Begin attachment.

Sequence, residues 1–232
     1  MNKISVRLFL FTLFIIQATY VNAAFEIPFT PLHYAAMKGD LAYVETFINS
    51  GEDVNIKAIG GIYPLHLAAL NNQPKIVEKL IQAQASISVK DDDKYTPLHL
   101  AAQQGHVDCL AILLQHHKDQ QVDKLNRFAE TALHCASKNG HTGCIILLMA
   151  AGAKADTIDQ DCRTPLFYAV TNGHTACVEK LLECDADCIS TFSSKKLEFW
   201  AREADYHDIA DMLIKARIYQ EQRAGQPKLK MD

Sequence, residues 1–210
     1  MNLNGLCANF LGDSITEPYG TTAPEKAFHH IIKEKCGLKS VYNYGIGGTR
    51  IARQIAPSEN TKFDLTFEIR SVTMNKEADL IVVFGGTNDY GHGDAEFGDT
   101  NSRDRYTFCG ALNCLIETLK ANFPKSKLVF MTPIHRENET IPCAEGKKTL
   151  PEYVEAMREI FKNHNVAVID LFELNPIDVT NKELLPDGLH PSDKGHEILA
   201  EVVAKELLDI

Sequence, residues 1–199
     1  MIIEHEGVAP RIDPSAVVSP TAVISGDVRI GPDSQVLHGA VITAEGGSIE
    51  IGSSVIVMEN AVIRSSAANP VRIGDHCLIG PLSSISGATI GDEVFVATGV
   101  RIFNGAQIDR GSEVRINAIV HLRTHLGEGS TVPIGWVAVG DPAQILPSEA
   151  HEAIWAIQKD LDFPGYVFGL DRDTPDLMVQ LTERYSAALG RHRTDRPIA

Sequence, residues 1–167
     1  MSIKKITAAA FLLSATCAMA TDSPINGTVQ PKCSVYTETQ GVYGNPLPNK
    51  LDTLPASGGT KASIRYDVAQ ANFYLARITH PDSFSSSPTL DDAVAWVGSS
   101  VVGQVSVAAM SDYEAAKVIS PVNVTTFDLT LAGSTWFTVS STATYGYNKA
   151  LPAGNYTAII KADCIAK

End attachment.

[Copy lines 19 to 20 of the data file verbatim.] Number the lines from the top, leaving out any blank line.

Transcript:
     1  MSIKKITAAA FLLSATCAMA TDSPINGTVQ PKCSVYTETQ GVYGNPLPNK
    51  LDTLPASGGT KASIRYDVAQ ANFYLARITH PDSFSSSPTL DDAVAWVGSS